|Bear Pond Books~Montpelier, Vermont|
For too long, I confess, I took my town's independent bookseller for granted. Then one chilly evening I attended an event sponsored by Montpelier's beloved locally owned bookstore, Bear Pond Books. Author M.T. Anderson read to a sold-out house from his YA book, Symphony for the City of the Dead: Dmitri Shostakovich and the Siege of Leningrad, and a talented string quartet played a passionate and moving selection of the music of Shostakovich. There were delightful refreshments and an enthusiastic music- and book-loving crowd. Wow! Not bad for the wilds of Vermont.
|Jane Knight, on location at Bear Pond Books|
The brilliant person who conceived of and organized this multi-media event was Jane Knight. I tracked her down at Bear Pond Books, where she presides over the children's books section, to chat about favorite books, programming for kids and educators, and what this great independent book store does. Jane has worked at Bear Pond since 1995, and she's still filled with excitement every time she discovers a new book or author to fall in love with.
Q: Jane, one of the things that impresses me is how you seem to have read, and formed opinions about, all the most recent children's books at all levels, and I know I can count on you to recommend a great book for every reader. When you were a child, what was one of your favorite books?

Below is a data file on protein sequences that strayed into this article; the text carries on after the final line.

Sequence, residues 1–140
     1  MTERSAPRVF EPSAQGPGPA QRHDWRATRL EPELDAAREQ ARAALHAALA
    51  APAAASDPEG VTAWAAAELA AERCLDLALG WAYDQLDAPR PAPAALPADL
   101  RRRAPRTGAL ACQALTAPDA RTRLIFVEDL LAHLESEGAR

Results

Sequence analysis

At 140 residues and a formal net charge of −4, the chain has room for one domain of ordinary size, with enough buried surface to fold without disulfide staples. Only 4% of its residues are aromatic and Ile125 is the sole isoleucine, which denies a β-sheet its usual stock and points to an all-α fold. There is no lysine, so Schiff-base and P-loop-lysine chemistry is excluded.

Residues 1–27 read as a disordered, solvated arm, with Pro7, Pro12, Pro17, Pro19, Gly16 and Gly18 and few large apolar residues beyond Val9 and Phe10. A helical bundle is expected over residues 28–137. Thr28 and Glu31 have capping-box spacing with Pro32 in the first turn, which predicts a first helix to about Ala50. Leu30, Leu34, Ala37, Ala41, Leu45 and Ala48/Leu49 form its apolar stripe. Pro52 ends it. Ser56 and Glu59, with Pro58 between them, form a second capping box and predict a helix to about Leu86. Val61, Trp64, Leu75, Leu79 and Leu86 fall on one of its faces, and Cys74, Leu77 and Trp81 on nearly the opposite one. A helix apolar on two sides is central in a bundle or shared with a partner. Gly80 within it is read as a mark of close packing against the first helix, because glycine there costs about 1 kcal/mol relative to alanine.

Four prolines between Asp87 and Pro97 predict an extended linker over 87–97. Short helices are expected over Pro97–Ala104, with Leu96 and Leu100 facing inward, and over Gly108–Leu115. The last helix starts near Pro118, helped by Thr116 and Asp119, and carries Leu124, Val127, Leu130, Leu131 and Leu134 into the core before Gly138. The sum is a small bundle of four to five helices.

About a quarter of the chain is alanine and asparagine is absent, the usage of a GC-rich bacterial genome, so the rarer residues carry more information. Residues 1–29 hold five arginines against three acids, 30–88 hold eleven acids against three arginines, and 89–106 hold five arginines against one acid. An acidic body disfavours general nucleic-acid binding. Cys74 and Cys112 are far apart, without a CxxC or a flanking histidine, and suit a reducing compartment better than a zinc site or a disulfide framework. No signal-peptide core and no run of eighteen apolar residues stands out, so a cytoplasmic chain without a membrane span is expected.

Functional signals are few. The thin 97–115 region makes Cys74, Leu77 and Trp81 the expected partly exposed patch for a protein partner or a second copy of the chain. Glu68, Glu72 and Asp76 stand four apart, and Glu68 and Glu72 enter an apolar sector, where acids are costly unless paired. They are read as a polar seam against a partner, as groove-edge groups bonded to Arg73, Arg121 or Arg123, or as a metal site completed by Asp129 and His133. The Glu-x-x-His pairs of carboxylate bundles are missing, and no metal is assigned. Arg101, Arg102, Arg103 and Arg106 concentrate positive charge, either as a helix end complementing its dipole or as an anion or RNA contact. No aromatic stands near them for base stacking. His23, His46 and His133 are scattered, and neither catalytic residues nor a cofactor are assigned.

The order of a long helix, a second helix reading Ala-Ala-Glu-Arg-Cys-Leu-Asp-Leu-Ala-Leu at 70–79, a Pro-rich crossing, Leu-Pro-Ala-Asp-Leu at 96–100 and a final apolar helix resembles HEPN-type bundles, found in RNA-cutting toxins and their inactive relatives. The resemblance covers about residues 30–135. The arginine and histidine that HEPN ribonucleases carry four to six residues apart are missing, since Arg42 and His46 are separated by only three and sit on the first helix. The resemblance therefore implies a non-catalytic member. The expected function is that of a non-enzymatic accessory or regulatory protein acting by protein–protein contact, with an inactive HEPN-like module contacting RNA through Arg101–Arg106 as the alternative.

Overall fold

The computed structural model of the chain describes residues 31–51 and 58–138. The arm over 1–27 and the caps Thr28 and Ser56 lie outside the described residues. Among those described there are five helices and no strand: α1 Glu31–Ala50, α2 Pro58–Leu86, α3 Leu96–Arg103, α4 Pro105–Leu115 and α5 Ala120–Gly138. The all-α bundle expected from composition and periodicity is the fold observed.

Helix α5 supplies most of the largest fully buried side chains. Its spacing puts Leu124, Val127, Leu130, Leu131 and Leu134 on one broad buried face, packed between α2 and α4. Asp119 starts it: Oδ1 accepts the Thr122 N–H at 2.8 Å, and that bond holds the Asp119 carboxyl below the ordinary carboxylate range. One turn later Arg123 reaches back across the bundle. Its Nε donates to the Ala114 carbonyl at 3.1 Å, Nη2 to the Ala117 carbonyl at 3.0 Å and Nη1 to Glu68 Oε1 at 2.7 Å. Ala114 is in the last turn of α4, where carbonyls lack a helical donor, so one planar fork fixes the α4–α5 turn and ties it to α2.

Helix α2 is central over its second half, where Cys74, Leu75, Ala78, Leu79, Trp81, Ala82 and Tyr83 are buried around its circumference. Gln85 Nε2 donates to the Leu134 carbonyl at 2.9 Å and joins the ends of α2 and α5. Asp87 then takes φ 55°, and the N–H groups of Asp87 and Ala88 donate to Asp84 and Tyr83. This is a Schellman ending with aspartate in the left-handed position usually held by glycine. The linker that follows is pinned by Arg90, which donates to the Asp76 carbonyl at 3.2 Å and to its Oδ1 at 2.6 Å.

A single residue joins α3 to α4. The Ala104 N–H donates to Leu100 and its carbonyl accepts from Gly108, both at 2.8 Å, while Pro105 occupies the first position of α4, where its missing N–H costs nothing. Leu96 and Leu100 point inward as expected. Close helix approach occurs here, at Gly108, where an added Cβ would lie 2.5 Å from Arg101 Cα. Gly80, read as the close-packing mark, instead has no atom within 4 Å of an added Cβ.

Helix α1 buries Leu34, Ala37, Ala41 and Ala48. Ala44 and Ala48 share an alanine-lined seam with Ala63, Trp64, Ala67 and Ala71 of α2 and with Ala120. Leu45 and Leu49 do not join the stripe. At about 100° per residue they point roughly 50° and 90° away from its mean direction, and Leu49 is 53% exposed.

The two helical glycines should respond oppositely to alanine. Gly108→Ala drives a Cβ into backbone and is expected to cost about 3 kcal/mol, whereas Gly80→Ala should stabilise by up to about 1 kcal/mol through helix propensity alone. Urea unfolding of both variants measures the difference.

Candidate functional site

|One of Jane's childhood favorites|
Jane Knight: I still have it on my shelf today -- The Wonderful Story of Henry Sugar by Roald Dahl. Each story in the book was fascinating to me in a dark, vaguely sinister, totally intriguing way. I remembering sitting in front of a candle flame, trying to hone my second sight after reading Henry Sugar. I am impatient and it never paid off for me, but I still believe the story to be true.
Q: What's your view of the role of independent bookstores in general, and Bear Pond in particular?
JK: Indie bookstores have come a long way from the initial e-commerce onslaught about 10 or 12 years ago, when Amazon drove its book prices down so low the rest of us had to find other ways to be competitive and inspire customer loyalty. I believe the reason Bear Pond was able to hold on through some dark days was because we did not have many other bookstores in the area, and many of our customers came to realize the symbiotic relationship between their spending habits and a healthy downtown.
|Downstairs at Bear Pond Books|
But we have had a lot of “educating” to do--and I don’t mean that in a condescending way--to help our customers understand the benefits of an actual brick and mortar bookstore in their community. We offer more than just books--we are your local hub of culture and information. We can bring authors to you. We are the place where you can actually open and touch a book. We answer the phones and we are available to talk to in person. We bake, we smile, we look you in the eye. I believe many people still want that kind of service.
Q: Kids love spending time in Bear Pond's Children's Room, with its comfy reading nooks and resident mascot, Veruca the Russian tortoise. How does this space fit into the local children's reading scene?
|VERUCA on patrol|